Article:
Mitosol

Mitosol is an eye solution used during glaucoma surgery. Mitosol can cause eye inflammation, loss of sight, cataract.

Mitosol Overview

Updated: 

Mitosol is a prescription eye solution used during glaucoma surgery. Mitomycin belongs to a group of drugs called antimetabolites. These work by decreasing the intraocular pressure (IOP) of the eye which is important in glaucoma treatment.

This medication is available as a topical eye solution to be used by a healthcare professional.

Common side effects of mitomycin eye solution include serious eye inflammation, loss of sight, cataract.

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  • Adenocarcinoma
  • Colorectal Neoplasms
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Mitosol Cautionary Labels

precautionsprecautionsprecautions

Uses of Mitosol

Injectable:

Mitomycin is a prescription medication used to treat cancer of the stomach or pancreas. It is used when the cancer has spread to other parts of the body and has not improved or worsened after other forms of treatment.

This medication may be prescribed for other uses. Ask your doctor or pharmacist for more information.

Topical:

Mitomycin eye solution is used as part of procedure for glaucoma surgery.

Manufacturer

Mitosol Drug Class

Mitosol is part of the drug class:

Side Effects of Mitosol

Injectable:

Common side effects include the following:

  • fever
  • loss of appetite
  • nausea
  • vomiting

Topical:

Common side effects of mitomycin eye solution include serious eye inflammation, loss of sight, cataract.

Mitosol Interactions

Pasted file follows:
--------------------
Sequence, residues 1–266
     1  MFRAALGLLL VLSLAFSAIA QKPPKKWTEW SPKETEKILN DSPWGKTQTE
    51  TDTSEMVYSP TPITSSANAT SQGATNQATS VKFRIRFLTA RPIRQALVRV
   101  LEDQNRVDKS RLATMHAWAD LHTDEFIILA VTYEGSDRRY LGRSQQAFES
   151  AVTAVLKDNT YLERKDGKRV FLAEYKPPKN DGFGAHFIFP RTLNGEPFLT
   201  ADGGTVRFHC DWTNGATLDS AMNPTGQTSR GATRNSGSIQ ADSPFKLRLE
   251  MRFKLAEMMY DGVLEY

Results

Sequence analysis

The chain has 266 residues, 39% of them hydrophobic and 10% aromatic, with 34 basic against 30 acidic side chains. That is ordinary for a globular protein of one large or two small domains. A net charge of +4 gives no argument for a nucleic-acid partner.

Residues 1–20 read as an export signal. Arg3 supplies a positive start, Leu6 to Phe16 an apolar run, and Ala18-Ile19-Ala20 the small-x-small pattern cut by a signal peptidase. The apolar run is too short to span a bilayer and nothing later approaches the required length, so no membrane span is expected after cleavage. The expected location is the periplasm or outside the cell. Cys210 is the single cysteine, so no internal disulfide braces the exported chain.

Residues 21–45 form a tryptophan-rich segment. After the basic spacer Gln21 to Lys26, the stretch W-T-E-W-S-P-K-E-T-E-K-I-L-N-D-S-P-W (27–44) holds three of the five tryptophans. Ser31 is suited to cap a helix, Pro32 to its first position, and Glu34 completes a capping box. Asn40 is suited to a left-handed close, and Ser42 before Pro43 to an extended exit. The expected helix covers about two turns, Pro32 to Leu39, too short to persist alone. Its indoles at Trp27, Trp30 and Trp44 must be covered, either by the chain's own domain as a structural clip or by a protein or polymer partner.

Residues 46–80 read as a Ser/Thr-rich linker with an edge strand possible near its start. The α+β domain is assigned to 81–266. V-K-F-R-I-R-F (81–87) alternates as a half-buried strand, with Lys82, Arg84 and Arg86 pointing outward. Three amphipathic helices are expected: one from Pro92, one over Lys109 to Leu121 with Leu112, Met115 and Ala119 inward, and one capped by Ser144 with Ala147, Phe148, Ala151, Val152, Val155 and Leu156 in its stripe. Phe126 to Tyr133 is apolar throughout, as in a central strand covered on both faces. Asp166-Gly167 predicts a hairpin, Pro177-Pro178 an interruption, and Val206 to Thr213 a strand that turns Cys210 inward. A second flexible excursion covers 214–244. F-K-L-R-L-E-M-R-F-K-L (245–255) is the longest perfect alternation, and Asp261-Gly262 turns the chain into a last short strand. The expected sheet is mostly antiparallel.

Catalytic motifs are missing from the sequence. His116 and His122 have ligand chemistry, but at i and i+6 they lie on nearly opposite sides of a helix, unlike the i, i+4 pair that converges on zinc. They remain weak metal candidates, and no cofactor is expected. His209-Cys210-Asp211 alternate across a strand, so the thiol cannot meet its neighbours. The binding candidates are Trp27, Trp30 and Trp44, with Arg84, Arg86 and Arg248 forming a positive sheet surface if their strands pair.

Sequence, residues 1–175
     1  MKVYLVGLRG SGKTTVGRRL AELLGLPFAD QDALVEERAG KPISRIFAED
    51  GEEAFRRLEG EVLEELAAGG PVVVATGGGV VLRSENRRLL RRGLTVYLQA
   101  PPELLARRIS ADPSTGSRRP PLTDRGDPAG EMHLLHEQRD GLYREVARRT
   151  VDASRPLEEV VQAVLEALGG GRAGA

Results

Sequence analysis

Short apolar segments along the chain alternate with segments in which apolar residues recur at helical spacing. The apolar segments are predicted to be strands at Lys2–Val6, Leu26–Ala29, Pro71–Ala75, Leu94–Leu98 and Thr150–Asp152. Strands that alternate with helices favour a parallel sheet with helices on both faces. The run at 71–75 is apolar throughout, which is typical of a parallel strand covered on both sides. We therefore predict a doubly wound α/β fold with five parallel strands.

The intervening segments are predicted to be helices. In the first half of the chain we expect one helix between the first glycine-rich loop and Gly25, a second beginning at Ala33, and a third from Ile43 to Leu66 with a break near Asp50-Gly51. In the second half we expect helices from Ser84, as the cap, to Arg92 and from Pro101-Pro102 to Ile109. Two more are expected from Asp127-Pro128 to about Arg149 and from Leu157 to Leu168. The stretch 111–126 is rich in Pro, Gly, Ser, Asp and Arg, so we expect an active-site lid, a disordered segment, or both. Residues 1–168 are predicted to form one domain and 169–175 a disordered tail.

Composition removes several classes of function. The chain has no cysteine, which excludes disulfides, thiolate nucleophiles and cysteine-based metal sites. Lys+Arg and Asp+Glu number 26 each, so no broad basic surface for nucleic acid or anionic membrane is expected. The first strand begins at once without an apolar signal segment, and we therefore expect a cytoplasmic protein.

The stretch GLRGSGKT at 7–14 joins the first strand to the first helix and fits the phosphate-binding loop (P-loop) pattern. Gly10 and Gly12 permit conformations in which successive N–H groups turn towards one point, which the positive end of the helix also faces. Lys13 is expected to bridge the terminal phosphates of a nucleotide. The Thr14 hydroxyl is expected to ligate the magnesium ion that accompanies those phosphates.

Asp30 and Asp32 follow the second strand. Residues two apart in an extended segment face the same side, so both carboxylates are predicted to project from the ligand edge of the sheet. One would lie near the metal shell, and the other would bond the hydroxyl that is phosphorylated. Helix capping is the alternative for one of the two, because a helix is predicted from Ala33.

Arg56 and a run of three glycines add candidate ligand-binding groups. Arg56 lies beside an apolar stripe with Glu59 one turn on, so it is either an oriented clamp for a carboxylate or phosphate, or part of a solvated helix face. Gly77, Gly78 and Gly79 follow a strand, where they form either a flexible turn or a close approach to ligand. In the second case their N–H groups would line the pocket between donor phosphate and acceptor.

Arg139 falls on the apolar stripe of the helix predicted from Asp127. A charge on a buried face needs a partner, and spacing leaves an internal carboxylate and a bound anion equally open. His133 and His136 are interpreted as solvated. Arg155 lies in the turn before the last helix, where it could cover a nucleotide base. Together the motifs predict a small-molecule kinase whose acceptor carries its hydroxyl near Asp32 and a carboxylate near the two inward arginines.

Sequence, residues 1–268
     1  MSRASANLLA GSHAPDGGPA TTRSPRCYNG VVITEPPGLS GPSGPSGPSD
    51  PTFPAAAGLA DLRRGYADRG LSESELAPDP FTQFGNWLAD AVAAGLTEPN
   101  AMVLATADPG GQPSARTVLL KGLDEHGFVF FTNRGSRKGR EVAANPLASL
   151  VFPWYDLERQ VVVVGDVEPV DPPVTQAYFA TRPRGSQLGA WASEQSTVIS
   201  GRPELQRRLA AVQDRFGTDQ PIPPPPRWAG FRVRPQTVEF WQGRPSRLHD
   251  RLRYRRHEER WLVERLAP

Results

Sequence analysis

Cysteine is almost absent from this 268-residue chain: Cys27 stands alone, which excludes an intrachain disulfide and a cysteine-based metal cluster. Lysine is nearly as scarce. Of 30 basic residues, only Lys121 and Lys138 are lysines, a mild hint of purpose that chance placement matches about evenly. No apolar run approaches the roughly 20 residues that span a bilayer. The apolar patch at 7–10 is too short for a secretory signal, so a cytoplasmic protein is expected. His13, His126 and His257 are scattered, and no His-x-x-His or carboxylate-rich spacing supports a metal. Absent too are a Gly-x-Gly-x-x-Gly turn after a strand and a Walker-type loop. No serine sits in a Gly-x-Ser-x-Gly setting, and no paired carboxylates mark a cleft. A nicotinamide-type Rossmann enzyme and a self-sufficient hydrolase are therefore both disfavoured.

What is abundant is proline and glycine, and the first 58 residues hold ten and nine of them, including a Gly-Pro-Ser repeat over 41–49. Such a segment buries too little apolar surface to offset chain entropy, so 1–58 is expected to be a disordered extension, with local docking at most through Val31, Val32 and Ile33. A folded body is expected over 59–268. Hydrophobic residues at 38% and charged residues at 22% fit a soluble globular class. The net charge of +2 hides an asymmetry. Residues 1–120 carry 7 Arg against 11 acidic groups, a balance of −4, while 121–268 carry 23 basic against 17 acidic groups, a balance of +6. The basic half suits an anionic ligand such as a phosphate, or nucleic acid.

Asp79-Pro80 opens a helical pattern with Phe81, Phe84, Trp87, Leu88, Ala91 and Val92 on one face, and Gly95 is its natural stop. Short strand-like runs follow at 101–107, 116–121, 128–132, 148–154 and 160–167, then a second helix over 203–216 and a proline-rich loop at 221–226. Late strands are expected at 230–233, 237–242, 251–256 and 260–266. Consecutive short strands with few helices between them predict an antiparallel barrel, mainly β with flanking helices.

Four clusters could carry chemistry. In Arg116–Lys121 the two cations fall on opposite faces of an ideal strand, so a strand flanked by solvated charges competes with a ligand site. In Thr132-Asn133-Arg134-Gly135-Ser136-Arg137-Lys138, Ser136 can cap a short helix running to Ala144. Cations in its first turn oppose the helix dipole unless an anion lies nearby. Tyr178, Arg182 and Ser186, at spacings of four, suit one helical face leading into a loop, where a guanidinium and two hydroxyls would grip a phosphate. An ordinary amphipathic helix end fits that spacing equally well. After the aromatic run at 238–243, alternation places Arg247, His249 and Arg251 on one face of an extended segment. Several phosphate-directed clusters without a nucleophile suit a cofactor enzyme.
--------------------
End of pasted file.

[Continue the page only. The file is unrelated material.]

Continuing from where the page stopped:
Tell your doctor and pharmacist what other prescription and nonprescription medications, vitamins, nutritional supplements, and herbal products you are taking or plan to take.

Be sure to mention if you have every received doxorubicin (Adriamycin, Rubex). Your doctor may need to monitor you carefully for side effects.

Mitosol Precautions

Injectable:

  • Mitomycin can cause a severe decrease in the number of blood cells in your bone marrow. This may cause certain symptoms and may increase the risk that you will develop a serious infection or bleeding. If you experience any of the following symptoms, call your doctor immediately: fever, sore throat, ongoing cough and congestion, or other signs of infection; unusual bleeding or bruising.
  • Mitomycin may cause hemolytic uremic syndrome (a potentially life-threatening condition that involves injury to red blood cells, causing anemia and kidney problems). If you experience any of the following symptoms, tell your doctor immediately: red or bloody stools or diarrhea; decreased urination; swelling of the face, arms, hands, feet, ankles, or lower legs; or unusual tiredness or weakness.
  • Keep all appointments with your doctor and the laboratory. Your doctor will order certain tests before and during your treatment to see if it is safe for you to receive mitomycin and to check your body's response to mitomycin.

Do not use mitomycin injection if you

  • are allergic to it or to any inactive ingredients
  • are pregnant

Topical:

Serious side effects with mitomycin include the following:

  • Cell Death. Use of mitomycin in high concentrations or use for longer than intended may lead to unintended eye damage including thinning or perforation.
  • Hypotony (low eye pressure). The use of mitomycin has been associated with an increased instance of post-operative hypotony.
  • Cataract development

Do not use mitomycin eye solution if you

  • allergic to it or to any inactive ingredients
  • are pregnant

Mitosol Food Interactions

Medications can interact with certain foods. In some cases, this may be harmful and your doctor may advise you to avoid certain foods. In the case of mitomycin, there are no specific foods that you must exclude from your diet.